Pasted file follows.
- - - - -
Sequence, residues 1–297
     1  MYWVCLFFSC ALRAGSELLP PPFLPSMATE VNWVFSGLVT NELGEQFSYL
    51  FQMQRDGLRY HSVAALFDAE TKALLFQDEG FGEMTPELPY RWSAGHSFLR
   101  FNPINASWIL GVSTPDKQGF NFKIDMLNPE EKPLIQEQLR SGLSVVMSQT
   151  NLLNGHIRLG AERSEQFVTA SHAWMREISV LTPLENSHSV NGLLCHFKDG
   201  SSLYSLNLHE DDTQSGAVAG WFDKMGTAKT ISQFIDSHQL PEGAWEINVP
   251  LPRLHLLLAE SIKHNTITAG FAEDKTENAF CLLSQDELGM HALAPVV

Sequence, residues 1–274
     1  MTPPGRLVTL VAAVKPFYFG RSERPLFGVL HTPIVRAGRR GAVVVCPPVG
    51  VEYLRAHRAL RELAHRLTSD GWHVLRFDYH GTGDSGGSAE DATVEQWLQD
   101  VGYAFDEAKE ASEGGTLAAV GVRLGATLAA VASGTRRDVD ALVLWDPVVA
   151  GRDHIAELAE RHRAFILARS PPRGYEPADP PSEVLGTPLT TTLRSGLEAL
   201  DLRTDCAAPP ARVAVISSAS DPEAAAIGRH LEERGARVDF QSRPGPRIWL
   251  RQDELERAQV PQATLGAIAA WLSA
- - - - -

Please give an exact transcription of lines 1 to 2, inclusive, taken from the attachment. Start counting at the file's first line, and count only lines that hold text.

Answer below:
Sequence, residues 1–297
     1  MYWVCLFFSC ALRAGSELLP PPFLPSMATE VNWVFSGLVT NELGEQFSYL